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Sea-“steading” Semantics and a Socratic Dialogue on Seceding from Spain

October 30, 2017
Four years ago, DeltaSync debuted a preliminary plan which estimated that a series of platforms for 20 to 30 people would cost around $15 million. With one-fifth of the space reserved for open greenery, the firm estimates living space would cost about $500 per square foot, which is just over half as much as the average price per square foot in New York City (and less than a third of the price of Manhattan’s tony Upper East Side).

Later, Wachs is critical of frontiersman language – like “homesteading” – which she associates with genocide and colonialism. I don’t hesitate to speak positively about homesteading, which has a noble intellectual tradition when bound up with the Lockean proviso: while individuals have a right to homestead private property from nature by working on it, they can do so only “…at least where there is enough, and as good, left in common for others.”

Still, we must remember that the Homestead Act gave rise to the Trail of Tears, and reflect on the maladies the global north has brought to the western and southern hemispheres.


What is the modern equivalent of cholera?

It is equally important to push back against the idea that seasteading is somehow ‘colonialism 2.0.’ The subtle art of subjugation has been evolving all along, and the right to self-determination was never re-established in the South Pacific. After all, this was just 50 years ago.

Hopefully seasteading will help countries like French Polynesia in the on-going quest for self-determination.

2. Dialogue on Catalan Independence, By Jason Sorens, Pileus Blog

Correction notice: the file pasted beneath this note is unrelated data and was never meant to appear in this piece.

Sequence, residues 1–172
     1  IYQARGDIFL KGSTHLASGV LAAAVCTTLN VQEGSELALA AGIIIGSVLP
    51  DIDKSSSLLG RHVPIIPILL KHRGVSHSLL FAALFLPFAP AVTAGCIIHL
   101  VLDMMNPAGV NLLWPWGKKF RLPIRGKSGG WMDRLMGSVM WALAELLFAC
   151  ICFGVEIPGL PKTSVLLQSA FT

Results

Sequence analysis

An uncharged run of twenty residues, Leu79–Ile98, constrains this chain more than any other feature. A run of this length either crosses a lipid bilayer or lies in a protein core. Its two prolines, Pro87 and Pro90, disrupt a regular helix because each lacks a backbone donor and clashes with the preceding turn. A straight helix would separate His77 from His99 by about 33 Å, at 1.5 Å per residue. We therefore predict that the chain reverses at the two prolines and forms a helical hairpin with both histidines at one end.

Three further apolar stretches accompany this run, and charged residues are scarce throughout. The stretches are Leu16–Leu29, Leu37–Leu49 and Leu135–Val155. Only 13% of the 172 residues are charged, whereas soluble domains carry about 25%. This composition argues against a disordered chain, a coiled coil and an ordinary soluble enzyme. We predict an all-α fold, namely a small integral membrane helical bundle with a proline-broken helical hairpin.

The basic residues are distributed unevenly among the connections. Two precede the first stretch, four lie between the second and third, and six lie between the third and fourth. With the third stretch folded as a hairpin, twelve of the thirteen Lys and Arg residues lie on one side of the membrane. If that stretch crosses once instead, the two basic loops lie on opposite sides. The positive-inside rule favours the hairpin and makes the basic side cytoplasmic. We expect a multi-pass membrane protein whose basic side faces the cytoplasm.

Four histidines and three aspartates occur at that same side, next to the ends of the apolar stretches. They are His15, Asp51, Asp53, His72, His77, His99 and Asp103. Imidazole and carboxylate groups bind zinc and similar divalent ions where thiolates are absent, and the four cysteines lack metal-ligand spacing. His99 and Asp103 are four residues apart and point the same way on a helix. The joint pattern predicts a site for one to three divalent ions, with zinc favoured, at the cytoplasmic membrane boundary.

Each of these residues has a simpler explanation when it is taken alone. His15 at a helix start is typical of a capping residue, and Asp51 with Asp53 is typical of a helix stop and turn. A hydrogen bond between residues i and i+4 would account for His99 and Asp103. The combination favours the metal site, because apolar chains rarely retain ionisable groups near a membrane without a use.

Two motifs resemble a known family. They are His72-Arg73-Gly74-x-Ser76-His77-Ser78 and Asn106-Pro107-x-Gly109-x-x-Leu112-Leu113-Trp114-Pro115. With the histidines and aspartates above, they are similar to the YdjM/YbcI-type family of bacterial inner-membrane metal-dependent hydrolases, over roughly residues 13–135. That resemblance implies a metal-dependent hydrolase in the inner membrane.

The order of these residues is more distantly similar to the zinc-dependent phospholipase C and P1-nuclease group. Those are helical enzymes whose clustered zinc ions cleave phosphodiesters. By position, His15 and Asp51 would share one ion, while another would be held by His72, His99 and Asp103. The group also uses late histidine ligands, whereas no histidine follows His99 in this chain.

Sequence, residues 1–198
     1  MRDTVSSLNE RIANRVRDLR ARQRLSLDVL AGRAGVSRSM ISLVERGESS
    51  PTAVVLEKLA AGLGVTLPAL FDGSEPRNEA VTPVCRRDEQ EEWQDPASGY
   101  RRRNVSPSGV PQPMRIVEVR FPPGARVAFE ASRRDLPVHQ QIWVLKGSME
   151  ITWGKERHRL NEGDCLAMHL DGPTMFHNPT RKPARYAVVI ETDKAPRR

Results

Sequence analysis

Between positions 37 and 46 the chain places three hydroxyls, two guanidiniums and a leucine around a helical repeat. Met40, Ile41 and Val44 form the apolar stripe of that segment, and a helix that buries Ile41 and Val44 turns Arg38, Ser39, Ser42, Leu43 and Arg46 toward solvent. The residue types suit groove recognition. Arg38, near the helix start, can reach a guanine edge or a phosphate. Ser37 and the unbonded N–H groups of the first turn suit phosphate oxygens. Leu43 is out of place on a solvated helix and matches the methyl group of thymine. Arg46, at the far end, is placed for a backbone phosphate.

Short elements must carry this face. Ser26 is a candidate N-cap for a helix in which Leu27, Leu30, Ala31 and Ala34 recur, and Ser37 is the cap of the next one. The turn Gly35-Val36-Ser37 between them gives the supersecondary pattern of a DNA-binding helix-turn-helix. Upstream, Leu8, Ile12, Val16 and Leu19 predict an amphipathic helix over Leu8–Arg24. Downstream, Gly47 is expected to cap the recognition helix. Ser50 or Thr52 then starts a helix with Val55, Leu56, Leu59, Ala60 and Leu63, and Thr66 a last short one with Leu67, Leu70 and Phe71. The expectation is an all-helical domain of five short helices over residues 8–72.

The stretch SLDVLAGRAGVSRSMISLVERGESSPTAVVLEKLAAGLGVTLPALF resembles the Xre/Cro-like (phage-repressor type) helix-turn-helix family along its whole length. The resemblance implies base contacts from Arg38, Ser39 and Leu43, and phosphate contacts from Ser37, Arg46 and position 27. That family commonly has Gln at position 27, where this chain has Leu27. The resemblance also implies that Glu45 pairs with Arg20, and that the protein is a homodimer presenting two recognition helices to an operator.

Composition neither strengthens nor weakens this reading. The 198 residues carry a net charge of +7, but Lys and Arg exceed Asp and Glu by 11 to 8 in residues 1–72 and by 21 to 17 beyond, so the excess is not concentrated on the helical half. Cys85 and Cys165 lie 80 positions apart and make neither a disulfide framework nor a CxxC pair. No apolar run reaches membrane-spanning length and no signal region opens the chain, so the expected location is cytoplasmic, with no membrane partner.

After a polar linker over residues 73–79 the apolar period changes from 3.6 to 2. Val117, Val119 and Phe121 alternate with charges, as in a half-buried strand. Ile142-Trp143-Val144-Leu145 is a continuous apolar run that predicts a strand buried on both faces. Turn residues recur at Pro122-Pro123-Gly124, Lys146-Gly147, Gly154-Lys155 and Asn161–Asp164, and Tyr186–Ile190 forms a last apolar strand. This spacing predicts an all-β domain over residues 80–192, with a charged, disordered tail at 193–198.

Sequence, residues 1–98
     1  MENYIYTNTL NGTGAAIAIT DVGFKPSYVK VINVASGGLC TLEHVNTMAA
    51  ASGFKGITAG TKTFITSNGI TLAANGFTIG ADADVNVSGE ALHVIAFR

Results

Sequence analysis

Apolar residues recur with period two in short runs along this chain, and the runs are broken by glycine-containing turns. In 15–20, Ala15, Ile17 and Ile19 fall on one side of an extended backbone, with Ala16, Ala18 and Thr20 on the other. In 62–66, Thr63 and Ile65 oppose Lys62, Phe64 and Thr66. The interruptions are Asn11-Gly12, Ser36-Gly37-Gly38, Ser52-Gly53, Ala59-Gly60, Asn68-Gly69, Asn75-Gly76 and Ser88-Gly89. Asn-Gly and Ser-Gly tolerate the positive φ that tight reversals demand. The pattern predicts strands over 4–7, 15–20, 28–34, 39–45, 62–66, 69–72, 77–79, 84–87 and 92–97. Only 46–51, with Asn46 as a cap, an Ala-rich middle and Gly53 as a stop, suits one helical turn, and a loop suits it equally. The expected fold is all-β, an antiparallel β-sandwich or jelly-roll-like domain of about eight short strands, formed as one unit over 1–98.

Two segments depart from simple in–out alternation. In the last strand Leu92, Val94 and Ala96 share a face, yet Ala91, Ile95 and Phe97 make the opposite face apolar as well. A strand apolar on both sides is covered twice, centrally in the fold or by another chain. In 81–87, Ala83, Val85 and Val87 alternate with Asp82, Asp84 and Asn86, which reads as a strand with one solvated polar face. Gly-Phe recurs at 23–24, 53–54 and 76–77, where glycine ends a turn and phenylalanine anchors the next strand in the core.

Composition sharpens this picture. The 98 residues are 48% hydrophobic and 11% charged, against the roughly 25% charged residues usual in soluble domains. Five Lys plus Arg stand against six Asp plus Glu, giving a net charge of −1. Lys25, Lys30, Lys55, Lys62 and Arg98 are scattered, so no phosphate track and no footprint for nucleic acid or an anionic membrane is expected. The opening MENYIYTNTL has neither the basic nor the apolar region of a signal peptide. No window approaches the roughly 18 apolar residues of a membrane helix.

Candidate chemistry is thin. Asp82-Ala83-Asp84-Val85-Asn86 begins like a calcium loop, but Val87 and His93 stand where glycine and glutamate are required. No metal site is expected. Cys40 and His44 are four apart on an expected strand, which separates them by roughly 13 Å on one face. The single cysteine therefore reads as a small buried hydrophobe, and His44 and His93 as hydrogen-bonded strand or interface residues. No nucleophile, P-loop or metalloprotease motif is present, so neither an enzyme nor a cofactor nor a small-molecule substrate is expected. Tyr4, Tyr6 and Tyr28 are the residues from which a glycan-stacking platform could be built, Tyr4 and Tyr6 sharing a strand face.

If you haven’t followed the news out of Catalonia, this socratic dialogue between an imagined opponent and supporter of independence will get you up to speed on the issue, from the right to self determination…

TONI (Independence Opponent): The right to self-determination is not an individual right like freedom of expression or the right to vote; it’s a collective right and therefore subject to far stricter limits. Your right to secede infringes on the rights of others who do not want secession. Like me.

…to the political status…

TONI: [Independence] could happen, but only if we stay in Spain and make the case. Persuasion is the way to go, not just leaving. Once you leave, you can’t go back.

GEMMA (Independence Supporter): If you had a girlfriend who told you that she would beat you violently if you ever tried to leave her, wouldn’t that make you want to leave her more?

…to the economics…

GEMMA: No one denies there will be short-run costs to independence. The long-run benefits are larger. If Spain is willing to harm Catalans by keeping us outside the EU after independence, they will also be willing to harm us when we are under their thumb. At least independence lets us negotiate with other European countries as an equal. WTO membership will happen relatively quickly. Also note that as long as other countries do not recognize Catalonia’s independence, our goods will have access to European and global markets on the same terms as Spanish goods. There is no reason recognition of our independence and accession to the WTO and EU could not happen around the same time.

TONI: It’s odd, you have to admit, for independentists to hope that Catalonia’s independence is denied recognition so that Catalonia’s citizens are still treated as if they were Spanish citizens. If Catalonia is denied recognition, other European countries are not going to negotiate with Catalonia as an equal. You cannot have it both ways: all the rights and benefits of independence but none of the duties and costs. The short-term costs of secession could be huge. Just look at all the businesses moving out of Catalonia.

I guess exit works both works ways.

  1. October 30, 2017 10:57 pm

    I appreciate you guys posting again!

    Typo at the end there: “I guess exit works both works ways.”


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